The Consumer Electronics Show, better known as International CES, is an event that can fly under the radar for many of the folks in our industry. Obviously the focus at this show is on the consumer end of things, and with that being the case, many of the gadgets and gear that are showcased at CES aren’t especially relevant to professionals.
Of course, seeing what sort of technology consumers are interested in and what products companies like Sony and Samsung are pushing to the market can be valuable pieces of information. And come on now…a countertop device that can print candies in a variety of shapes and flavors is going to be a factor in all of our lives at some point.
Walking around the show floor and seeing nothing but screen after screen, it’s obvious that the way people view their content has and will determine how we capture and create it for them. Will curved screens give us more leeway to be creative? What does a workflow look like if everything needs to be done at 4K? How will immersive gaming change the marketplace?
Shows like CES aren’t a place for answers but they give you a great perspective on what sort of questions you can and should be asking. I saw a little bit of everything at the show and a few snippets of my experience are below.
Available and Affordable 4K is Here
4K has been around for awhile, but in previous years it was something of a novelty because of how expensive it was and because it simply wasn’t being supported. Neither of those things are true any longer.
I don’t believe you could walk ten feet at this show without seeing a display that promoted 4K in one way or another. It seems like there’s still a question around whether or not consumers will truly adopt 4K but there’s no doubt that companies have embraced the technology in just about every conceivable manner.
I talked with David Foley from NanoTech Entertainment about this topic and how their 4K streaming set top box delivers 4K content over an existing infrastructure.
CES 2014 – 4K Has Arrived from ProVideo Coalition
Many have derided 4K devices and developments for a number of reasons, but Foley’s point in regards to the price of the technology these days is incredibly relevant. Not too long ago 4K TV’s were in the $20,000 price range, but the 4K TV’s and displays at the show were nowhere near this expensive. There are still questions about the “need” of such a high resolution, but at these price points consumers might not take that into consideration.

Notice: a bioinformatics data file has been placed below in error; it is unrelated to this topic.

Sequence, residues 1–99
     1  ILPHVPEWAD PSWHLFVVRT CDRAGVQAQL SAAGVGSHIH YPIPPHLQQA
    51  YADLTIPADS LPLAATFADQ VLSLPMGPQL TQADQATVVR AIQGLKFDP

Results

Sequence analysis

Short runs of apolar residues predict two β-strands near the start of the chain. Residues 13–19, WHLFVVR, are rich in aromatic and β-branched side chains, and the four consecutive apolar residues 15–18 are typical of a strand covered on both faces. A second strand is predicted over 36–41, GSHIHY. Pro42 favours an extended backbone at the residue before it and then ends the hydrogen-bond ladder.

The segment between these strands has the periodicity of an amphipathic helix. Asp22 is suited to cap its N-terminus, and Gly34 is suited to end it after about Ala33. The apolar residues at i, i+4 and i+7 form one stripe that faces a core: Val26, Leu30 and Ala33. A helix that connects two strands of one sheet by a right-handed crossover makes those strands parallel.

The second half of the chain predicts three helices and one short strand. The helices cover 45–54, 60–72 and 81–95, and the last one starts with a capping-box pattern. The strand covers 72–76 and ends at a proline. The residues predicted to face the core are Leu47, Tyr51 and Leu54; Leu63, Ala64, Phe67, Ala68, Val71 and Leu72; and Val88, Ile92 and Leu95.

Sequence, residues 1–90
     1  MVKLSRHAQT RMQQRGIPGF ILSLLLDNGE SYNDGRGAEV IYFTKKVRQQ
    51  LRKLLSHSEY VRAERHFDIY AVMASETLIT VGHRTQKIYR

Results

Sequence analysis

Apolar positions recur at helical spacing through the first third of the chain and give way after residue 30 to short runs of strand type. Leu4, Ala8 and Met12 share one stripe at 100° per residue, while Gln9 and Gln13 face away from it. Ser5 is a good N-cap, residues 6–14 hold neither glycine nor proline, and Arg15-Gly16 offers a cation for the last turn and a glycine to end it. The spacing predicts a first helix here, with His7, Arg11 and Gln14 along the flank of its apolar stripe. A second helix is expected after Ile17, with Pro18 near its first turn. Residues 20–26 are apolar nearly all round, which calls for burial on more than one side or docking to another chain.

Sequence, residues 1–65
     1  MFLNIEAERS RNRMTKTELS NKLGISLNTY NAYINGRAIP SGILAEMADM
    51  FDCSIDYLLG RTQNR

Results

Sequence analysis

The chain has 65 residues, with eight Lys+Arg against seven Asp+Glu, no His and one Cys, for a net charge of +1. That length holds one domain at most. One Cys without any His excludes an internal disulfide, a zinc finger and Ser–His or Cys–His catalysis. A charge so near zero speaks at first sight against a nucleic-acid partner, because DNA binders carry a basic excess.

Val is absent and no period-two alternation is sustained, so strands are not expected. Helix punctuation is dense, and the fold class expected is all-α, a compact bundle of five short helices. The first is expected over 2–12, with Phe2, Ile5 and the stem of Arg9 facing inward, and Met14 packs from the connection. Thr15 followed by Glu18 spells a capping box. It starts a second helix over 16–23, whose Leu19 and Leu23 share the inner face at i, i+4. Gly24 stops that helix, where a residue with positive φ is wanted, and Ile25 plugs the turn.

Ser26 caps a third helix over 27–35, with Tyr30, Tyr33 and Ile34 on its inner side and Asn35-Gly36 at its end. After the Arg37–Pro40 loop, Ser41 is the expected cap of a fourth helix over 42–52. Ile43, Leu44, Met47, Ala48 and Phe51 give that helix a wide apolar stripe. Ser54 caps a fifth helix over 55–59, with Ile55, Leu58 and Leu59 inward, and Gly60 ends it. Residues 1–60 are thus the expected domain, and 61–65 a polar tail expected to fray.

Samsung Continues to Roll Out New and Updated Products
Samsung announced the 12.2-inch Galaxy Note Pro at CES, so the push to make their tablet a viable professional alternative continues. Screens of every shape and size covered the show floor, but Samsung took it to another level with their video wall solution. That said, the displays weren't just here for show as they announced a 105-inch curved 4K UHDTV and a 85-inch bendable 4K UHDTV. What that means for people on both sides of the industry remains to be seen.
Unfortunately I wasn't around to see the Michael Bay keynote in person, but had already heard about it before the day was out. Some people have come out to defend him by saying we shouldn't be so critical of a person who has stage fright, but I'm not so sure that was his issue. You be the judge.
Oh, and there were some washing machines on display in the booth as well. Call me crazy, but such things feel a bit out of place in the Samsung booth. I mean, there aren't TV's built into them or anything. Perhaps they're wating for CES 2015 for that.
The Sony Experience
Sony proved that 4K technology is a big part of what they want to do as they announced the development of a 4K Ultra Short Throw Projector featuring the ability to cast a 4K Ultra High-Definition image up to 147-inches. They also added content options and a range of new 4K Ultra HD TVs for every viewer. Plus they told us we'll soon be getting the 4K Handycam® FDR-AX100 camcorder. Sony is definitely committed to 4K home entertainment and they proved that at CES.
They certainly made their presence known with the products they had to show and announce, but their booth was laid out in a circle which made it really stand out. Check it out below.
CES 2014 – A 360 Sony Experience from ProVideo Coalition
All Things 4K From Panasonic
While 4K was obviously the big trend at CES, nowhere was that more evident than in the Panasonic booth. Panasonic had some announcements around their Lumix line as well as their smart TV technology, but 4K was clearly their focus.
At CES they either showed or announced developments and products dealing with 4K Security, 4K Ultra-Wide, 4K Events/Projector, 4K Broadcasting/Production, their 4K tablet, 4K Ultra HD TVs, 4K Wearable Cameras, 4K Digital Cameras, 4K OLED Panels and 4K HEVC Technology. I don't even know what some of that stuff is but it's either on the horizon or here already. Now it’s just a matter of what consumers will or won’t be adopting.
While the need for a 4K web browser isn’t immediately obvious, it will be when there's that much more 4K content available online. All of it makes questions around producing 4K content that much more relevant.